A Red-Red-Green Coalition, although the preferred development within the left wing of the SPD, would have even greater obstacles to overcome if the three parties would have enough votes. For one, Die Linke would have to mature profoundly on the national level in order to be acceptable in government.

Another difficult question for the SPD will be how the Greens will chart their course in the future. The Greens have been the big winner in the Bavarian and Hessian elections and their support on the national level is increasing substantially. The have now become a party with deep government experience and have performed well on all levels. The state of Hesse used to be a typical SPD state (SPD Stammland), governed successfully by SPD leaders in the past, including in a coalition with the Greens that later led to the first SPD-Green Coalition on the national level under the leadership of SPD chancellor Gerhard Schröder.

This situation has now changed fundamentally—to the detriment of the Social Democrats. In Hesse last Sunday, 142,000 formerly SPD voters moved their support from the SPD to the Greens. At the same time, 108,000 formerly CDU voters moved over to the Greens, giving the party a formidable base of support to take on government responsibility on the national level. In SPD Stammland Hesse, the Greens ended up with just 94 more votes than the SPD, a fact that—as miniscule as it might sound—might require adjustments about who, in a coalition with Social Democrats, Greens, and the FDP, for example, would lead such a coalition in government. It is no longer a foregone conclusion that the SPD would lead such a coalition. If present trends continue, the Greens would move into a position of leadership also on the national level.

The “What-To-Do Dilemma” of the SPD

For the moment, the Social Democrats have excluded any leadership change as a way out of their electoral dilemma. The party also seems to be afraid of new elections, fearing that new elections might even drive support for the SPD further down. In politics Angst should never be the basis for decision-making. Party leader Andrea Nahles is determined to continue implementing the Grand Coalition Agreement with the CDU/CSU and Angela Merkel as chancellor against all odds—at least until halftime for the Grand Coalition in 2019. This commitment, however, is tied to new political, economic, and social initiatives focusing on basic income, daycare centers, climate change, renter protection, and labor market reform.

To be sure, social issues such as daycare centers (known as KITAS), a basic retirement income (Grundrente), better renter protection, protective labor market reforms, and climate protection initiatives are vastly popular, in particular in large cities—Frankfurt in Hesse being one of them. But the SPD must also find a better answer to the cultural anxiety prompted by large-scale immigration without closing borders but while also preparing the country—and Europe!—better for the monumental tasks ahead as the result of global migration pressures. Migration is also an issue of an effective development strategy and more needs to be done to reduce the still ongoing migration pressure from abroad.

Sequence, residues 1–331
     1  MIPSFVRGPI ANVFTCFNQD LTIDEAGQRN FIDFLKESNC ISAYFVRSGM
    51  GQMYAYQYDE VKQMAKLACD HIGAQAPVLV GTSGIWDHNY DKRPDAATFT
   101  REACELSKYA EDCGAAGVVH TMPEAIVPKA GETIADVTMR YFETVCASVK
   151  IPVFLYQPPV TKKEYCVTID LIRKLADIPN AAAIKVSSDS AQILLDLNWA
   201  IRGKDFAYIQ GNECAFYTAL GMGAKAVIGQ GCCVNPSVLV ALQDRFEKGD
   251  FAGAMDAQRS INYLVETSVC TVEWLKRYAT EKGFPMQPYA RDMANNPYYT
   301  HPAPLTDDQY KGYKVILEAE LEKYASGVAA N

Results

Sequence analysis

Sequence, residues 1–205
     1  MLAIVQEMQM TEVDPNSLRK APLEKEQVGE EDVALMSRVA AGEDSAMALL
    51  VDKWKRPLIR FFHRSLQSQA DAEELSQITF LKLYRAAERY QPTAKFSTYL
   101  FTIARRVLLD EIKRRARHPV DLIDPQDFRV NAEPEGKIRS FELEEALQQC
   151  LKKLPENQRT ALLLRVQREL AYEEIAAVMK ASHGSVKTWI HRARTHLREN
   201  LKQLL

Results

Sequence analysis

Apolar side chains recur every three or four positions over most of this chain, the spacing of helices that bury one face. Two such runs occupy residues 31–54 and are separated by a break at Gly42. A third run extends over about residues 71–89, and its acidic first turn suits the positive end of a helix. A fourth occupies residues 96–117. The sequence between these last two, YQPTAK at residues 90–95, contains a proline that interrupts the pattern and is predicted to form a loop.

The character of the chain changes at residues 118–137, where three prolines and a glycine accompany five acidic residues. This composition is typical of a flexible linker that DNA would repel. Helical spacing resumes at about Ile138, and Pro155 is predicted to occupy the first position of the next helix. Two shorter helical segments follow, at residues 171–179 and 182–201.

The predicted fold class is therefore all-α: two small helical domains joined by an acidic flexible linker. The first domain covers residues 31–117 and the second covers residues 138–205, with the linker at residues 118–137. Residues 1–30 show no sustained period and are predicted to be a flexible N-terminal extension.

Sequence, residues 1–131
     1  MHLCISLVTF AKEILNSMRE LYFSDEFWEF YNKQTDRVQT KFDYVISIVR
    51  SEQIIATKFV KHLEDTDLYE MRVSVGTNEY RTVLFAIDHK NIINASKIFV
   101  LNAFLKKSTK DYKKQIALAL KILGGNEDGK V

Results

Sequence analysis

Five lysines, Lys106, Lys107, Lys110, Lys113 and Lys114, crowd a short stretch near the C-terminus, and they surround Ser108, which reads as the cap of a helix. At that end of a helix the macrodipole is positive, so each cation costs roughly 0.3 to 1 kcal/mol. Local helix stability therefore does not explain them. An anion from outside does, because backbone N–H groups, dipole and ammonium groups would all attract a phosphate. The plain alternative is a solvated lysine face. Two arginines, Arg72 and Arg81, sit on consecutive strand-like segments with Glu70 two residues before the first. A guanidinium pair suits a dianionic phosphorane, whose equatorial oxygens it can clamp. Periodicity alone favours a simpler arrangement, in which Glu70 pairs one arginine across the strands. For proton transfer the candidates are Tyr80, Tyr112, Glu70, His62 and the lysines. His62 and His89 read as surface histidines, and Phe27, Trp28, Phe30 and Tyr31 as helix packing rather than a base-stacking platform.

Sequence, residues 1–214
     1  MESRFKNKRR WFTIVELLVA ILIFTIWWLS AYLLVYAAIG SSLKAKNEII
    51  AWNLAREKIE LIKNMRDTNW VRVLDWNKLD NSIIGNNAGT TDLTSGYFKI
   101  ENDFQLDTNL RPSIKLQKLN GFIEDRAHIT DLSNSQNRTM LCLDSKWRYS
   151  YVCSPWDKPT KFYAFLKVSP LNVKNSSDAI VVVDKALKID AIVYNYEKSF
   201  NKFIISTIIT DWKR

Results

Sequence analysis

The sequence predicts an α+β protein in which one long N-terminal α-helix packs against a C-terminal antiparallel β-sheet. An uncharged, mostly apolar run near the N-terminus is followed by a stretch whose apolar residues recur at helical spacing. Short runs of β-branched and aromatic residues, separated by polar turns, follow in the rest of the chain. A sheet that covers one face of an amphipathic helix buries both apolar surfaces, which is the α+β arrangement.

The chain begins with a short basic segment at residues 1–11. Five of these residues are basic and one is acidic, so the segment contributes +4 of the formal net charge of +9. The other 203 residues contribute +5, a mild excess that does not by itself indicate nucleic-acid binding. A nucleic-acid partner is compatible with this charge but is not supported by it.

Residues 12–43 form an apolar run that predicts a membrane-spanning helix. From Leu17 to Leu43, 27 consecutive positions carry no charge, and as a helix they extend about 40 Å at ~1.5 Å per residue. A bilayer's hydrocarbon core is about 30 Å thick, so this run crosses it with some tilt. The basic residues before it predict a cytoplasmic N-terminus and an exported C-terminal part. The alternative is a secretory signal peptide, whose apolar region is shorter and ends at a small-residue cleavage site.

True, the substantive debate on how to secure the survival of the SPD as a broad-based social and political movement in the future must come first. But a merely procedural bureaucratic answer such as the most recent “Road Map” (Fahrplan) drafted the day after the Hesse elections is not enough. Combining a culturally liberal migration policy and a conservative fiscal and economic policy bordering on austerity is precisely what caused the downward trend for the SPD. But not all neo-liberal reforms should be thrown under the bus. There were also reform successes all over Europe, in Europe’s east and west. Global economic growth and a worldwide reduction of poverty took place. What needs to be corrected is the inequality that neo-liberal reforms also increased. But this should be done without running away from the successful Social Democratic economic and social reform programs of the past. Remaining a party that stands for social and economic reform in the spirit of equality must continue to be a key ingredient of the renewal process.


The new SPD concept proposed after the Hesse elections is “Sozialstaat 2025.” After Schröder’s “Agenda 2010,” this not a wrong concept at the core. Reforming shortcomings of the labor market after Agenda 2010 are necessary, but it would be a huge mistake not to claim the successes Agenda 2010 achieved for the German economy. There is no way back to the situation before the Schröder reforms. There is only a way forward to sustain the German economic and social model and this requires much more input on several levels: local, national, global, and most importantly, European.

On the national level, it is a new inclusive patriotism that the SPD needs to adopt in order to succeed. People want to belong to their home, their country, and their community. They need reassurance as much as people in need. The answer to the new challenges for Germany’s Social Democracy are socio-economic as well as cultural at the heart. The time is now to turn this dual challenge into a convincing political program and manifesto for the future.

The views expressed are those of the author(s) alone. They do not necessarily reflect the views of the American-German Institute.